The government raises a threshold question of whether there is jurisdiction to hear this argument on appeal. It argues that this court lacks jurisdiction because Hoover filed his notice of appeal on August 3, 1998, but the district court did not sentence him for contempt until September 18, 1998. Rule 3(a) of the Federal Rules of Appellate Procedure requires that the notice of appeal state the judgment or order appealed from. Yet, Hoover's notice of appeal did not state that appeal was being taken from the contempt order because it was filed approximately six weeks before Hoover was held in contempt. As the government correctly states, a notice of appeal from a conviction and sentencing proceeding simply cannot be interpreted as a notice of appeal from all future district court proceedings. United States v. Dennis, 902 F.2d 591, 593 (7th Cir. 1990).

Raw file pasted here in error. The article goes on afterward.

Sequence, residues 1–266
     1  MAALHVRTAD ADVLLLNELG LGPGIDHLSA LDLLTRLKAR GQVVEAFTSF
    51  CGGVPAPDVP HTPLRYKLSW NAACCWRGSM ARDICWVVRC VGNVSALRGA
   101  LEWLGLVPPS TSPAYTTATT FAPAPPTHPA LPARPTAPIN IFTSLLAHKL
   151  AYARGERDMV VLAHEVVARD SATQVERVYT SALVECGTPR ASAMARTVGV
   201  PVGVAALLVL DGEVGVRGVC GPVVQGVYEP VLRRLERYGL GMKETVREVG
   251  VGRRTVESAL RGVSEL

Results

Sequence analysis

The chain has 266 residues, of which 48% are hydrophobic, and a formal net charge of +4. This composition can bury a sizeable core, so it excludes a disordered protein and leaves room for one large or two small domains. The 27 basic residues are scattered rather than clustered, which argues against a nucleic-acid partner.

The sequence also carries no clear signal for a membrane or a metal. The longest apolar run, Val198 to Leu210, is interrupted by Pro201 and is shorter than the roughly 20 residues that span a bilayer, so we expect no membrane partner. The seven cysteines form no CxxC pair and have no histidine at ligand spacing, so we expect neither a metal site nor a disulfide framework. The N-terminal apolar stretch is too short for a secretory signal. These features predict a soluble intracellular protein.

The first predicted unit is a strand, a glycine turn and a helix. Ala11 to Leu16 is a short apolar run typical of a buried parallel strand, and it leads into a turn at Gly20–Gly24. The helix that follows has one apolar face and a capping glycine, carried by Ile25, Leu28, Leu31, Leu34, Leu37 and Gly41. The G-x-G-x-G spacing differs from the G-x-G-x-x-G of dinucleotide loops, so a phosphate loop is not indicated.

At oral argument, Hoover's counsel informed this court that he had in fact filed a notice of appeal from the contempt order. Exhaustive review of the record, however, shows that this is not the case. Therefore, since Hoover never filed a notice of appeal from the contempt order, this court has no jurisdiction to review that decision and we need not address the merits of Hoover's argument.

4. Sufficiency of the evidence showing "willfulness" of Hoover's conduct.